The Ocean Viking is bound for the Libyan coast, with stocks of medicine and pregnancy kits on board. (Photo: AFP)
The Ocean Viking is bound for the Libyan coast, and beside stocks of medicine and pregnancy kits, on-board midwife Marina is busy painting a turtle on the ship's migrant shelter.
As well as preparing to treat the exhausted, dehydrated Africans the ship hopes to rescue, experience has taught her that she must be ready to welcome the children -- and any babies that may be born on board.
With the Italian government refusing to let migrants land on its shores unless other EU countries help take them in, the rescuers are preparing for a long wait before disembarking.
"We know that we may have to keep patients on board for a while. It's a new challenge", says Stephanie, a German nurse on board. There is also a doctor, another nurse and the midwife.
They asked not to be identified by their full names for fear of prosecution by authorities.
The Ocean Viking mission is jointly operated by Doctors Without Borders (MSF) and the migrant aid charity SOS Mediterranee.
Those two groups also operated the Aquarius, a rescue ship that made headlines last year when it spent days at sea after Italy and Malta refused to let it dock.
Among the migrants pulled from the water by teams on the Aquarius in its three years of rescue missions were hundreds of pregnant women.
Born in a storm
MSF has set up a clinic on the bridge of the Ocean Viking. The white container has an emergency room, a separate room with three sleeping berths and a delivery room with blue bedsheets.
Generally, pregnant women who are nearing their delivery date are entitled to a medical evacuation -- even in Italy, where authorities under far-right interior minister Matteo Salvini have turned away some migrant rescue boats.
In recent years, at least 35 babies have been born on military or humanitarian relief vessels in the Mediterranean, according to an AFP count.
Six of them were born to mothers rescued by the Aquarius, the teams on the mission say.
In May, 2016, Desire Alex was the first baby born on the ship. The baby boy was named after the ship's captain.
Five others followed, their first names in several cases reflecting the incredulous relief of their mothers: Newman, Favour, Mercy, Christ and Miracle.
Christ's mother gave birth on the open sea in a boat filled with men.
When she climbed on board the Aquarius, her baby was still attached to her by the umbilical cord.
Choppy waters 'favour contractions'
Marina was one of the medics who took care of Favour on a stormy night in December 2016.
The baby's mother, a Nigerian woman who lost her husband in Libya, had begged the smugglers to let her get on the boat -- as a "favour".
"Coming to see her around 4:00 am, I found her standing up holding her stomach... We had 150 women on board," Marina said.
"I ask for a medical evacuation... (it was) impossible."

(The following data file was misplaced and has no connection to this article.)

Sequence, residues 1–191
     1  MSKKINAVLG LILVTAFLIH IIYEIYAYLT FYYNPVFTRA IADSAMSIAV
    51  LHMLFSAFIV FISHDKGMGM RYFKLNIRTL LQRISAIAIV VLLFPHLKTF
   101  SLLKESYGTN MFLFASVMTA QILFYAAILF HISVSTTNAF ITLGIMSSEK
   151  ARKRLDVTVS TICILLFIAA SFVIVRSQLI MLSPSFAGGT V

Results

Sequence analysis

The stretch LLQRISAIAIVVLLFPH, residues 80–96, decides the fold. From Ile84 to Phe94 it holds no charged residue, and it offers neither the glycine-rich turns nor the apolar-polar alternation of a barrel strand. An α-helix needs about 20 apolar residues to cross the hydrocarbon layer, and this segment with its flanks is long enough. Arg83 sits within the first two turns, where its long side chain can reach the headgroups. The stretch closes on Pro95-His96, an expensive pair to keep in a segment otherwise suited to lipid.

Favour was born the next day and in perfect health, the midwife says.
She shows a photo on her phone of the child -- now a toddler, living in Italy.
Marina says she has observed that "the movements of the boat, especially in a storm, favour contractions" in childbirth.
Another trigger for labour, she says, could be the relaxation that comes from the relief the mothers feel once they board a rescue boat.
The Aquarius rescued nearly 4,700 women in nearly three years of operations. Most of them had suffered violence and sexual abuse on their journey.
In 2016, 4.4 percent of the women rescued by the boat were pregnant. By 2018 that number increased to 10 percent.
Marina helps all the women who come to her and says her assistance is vital for those who have been raped.
"If you are pregnant, if you think you are pregnant, come and see me. It will remain confidential", she says.
Women who ask for pregnancy tests are given them but some of those rescued do not even know they are pregnant. "Sometimes it's up to me to tell them", she says.
Marina has also treated many young girls, minors travelling alone, and women and girls who have come from Libya's so-called "connection houses", where migrants are forced into prostitution.
Faced with numerous unwanted pregnancies, MSF now offers abortion pills on board.
"We did not do it before, but we had so many requests," the midwife says.
"Many women do not say (that they are pregnant), or do it just before disembarking."
A painted zebra, elephant, turtle and bird wings now decorate the walls of the on-board shelters in preparation for the migrants.
There are also drawings done by rescued children on board the Aquarius.
The MSF medics have stocked bandages, drugs and other medical supplies as well as soft toys, games and cards.
"We are pretty well equipped," says Stephanie. "But we hope we do not have to deal with this situation for too long."